We present evidence on the effect of social connections between workers and managers on productivity in the workplace. To evaluate whether the existence of social connections is beneficial to the firm's overall performance, we explore how the effects of social connections vary with the strength of managerial incentives and worker's ability. To do so, we combine panel data on individual worker's productivity from personnel records with a natural field experiment in which we engineered an exogenous change in managerial incentives, from fixed wages to bonuses based on the average productivity of the workers managed. We find that when managers are paid fixed wages, they favor workers to whom they are socially connected irrespective of the worker's ability, but when they are paid performance bonuses, they target their effort toward high ability workers irrespective of whether they are socially connected to them or not. Although social connections increase the performance of connected workers, we find that favoring connected workers is detrimental for the firm's overall performance.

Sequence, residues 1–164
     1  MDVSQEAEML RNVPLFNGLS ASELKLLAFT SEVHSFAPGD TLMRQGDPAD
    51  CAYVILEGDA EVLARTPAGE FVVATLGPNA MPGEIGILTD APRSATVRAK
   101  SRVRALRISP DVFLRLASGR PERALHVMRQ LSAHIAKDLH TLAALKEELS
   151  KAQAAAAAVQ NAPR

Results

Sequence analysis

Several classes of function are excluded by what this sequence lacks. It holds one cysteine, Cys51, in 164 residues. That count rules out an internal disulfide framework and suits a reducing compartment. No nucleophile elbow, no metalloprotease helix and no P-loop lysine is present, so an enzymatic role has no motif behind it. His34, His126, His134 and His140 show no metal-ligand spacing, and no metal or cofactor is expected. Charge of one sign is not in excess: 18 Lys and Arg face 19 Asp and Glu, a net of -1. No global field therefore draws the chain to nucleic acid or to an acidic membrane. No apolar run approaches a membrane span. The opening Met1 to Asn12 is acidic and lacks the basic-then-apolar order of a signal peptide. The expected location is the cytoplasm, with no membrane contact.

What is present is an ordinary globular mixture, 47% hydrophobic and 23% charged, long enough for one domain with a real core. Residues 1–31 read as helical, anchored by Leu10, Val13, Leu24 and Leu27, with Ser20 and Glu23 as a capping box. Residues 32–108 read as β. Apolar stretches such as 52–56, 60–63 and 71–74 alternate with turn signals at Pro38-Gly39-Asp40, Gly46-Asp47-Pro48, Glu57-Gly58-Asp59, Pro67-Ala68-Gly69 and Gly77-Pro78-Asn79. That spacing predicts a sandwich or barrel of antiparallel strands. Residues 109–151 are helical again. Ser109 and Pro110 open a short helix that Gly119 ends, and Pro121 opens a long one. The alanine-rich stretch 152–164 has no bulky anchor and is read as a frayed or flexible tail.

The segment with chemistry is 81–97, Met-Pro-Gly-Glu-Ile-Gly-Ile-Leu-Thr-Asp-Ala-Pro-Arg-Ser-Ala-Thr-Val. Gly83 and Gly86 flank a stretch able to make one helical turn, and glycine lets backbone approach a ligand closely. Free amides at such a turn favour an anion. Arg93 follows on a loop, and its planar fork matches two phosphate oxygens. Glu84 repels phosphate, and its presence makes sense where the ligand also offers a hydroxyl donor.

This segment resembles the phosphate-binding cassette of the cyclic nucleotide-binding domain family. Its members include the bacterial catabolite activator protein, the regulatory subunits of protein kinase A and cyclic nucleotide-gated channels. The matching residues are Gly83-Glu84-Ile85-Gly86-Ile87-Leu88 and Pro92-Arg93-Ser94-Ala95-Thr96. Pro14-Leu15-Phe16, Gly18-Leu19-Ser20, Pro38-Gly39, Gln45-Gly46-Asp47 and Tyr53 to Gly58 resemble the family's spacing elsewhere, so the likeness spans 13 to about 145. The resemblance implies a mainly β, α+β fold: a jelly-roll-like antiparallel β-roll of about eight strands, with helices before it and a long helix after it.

Social Connections and Incentives in the Workplace: Evidence from Personnel Data
In a setting where managerial effort can be targeted to affect the productivity and earnings of individual workers, vertical social connections amongst workers can affect individual and firm performance.
Bandiera, O., Barankay, I., & Rasul, I., 2009. 'Social Connections and Incentives in the Workplace: Evidence From Personnel Data'. Econometrica, vol. 77, pages 1047–1094.